Budget compromise remains elusive as new fiscal year begins

A new fiscal year began on July 1 without a state budget in place, a situation Illinois has been in before. On July 1, 1991, the state faced a similar budget stalemate that came to an end only when legislative leaders and then-Governor Jim Edgar worked together to reach a compromise.

This willingness to compromise, the Chicago Tribune noted in an editorial, is the biggest difference between 1991 and 2015, “… Rauner is the one who has been showing flexibility. He has revised, reduced his expectations for an agreement. The Democratic leaders have not.”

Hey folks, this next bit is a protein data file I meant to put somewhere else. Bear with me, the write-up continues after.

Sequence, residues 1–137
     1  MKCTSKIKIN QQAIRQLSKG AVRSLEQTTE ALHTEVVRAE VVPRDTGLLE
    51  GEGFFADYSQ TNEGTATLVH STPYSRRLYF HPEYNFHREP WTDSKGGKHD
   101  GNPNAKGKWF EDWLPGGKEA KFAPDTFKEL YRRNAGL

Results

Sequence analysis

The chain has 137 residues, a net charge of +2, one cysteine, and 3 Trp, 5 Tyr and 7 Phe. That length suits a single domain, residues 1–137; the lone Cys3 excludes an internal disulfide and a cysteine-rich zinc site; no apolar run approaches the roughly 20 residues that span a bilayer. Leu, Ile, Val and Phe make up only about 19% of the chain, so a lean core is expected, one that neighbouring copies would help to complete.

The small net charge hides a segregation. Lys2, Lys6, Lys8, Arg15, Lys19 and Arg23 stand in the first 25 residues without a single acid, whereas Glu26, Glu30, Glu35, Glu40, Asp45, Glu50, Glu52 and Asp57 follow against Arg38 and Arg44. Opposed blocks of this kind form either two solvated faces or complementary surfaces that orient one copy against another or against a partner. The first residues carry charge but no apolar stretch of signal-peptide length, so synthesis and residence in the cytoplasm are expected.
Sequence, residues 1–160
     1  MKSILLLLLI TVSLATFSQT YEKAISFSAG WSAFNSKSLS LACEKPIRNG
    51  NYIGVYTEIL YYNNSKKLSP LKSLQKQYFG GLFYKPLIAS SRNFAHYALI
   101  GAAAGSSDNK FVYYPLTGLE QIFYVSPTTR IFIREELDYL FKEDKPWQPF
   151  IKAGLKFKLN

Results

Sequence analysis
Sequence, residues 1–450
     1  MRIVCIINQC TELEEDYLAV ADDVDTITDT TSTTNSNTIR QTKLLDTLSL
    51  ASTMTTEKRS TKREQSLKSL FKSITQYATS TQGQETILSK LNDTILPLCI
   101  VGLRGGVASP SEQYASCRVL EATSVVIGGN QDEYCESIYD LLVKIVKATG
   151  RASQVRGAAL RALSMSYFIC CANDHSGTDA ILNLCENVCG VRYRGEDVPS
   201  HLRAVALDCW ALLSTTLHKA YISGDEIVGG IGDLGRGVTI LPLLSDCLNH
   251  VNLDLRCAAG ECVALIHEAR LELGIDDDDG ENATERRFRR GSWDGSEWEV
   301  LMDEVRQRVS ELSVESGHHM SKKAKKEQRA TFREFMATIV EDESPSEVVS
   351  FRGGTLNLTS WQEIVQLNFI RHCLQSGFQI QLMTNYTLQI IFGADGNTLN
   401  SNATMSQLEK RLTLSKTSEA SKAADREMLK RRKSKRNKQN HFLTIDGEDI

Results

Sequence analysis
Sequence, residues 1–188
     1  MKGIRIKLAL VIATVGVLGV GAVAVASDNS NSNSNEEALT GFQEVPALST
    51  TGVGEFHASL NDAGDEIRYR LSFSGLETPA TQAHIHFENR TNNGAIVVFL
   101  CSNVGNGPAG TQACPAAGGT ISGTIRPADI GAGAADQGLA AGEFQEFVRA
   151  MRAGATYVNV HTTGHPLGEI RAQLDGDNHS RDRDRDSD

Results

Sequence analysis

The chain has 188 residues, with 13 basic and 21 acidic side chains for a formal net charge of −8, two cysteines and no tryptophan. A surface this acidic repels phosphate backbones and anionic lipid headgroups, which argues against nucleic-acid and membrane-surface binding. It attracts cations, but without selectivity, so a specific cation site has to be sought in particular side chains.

Facing the difficult task of running a state government without a budget, this week Gov. Rauner reassured state employees that they will be paid for their work, and said his administration is doing everything possible to ensure essential services continue uninterrupted.

During a visit to the Illinois Emergency Management Agency on June 30, Rauner told state employees, “I want to make darn sure you guys are paid, you guys are paid on time, you don’t miss any payroll, and you’re paid 100 percent of your salary, not some lesser amount.”

While the road to “fiscal sanity” is sure to be a bumpy one, Rauner and legislative Republicans remain open to compromise and committed to passing a balanced, constitutional budget and job-creating, structural reforms needed to put Illinois back on track.


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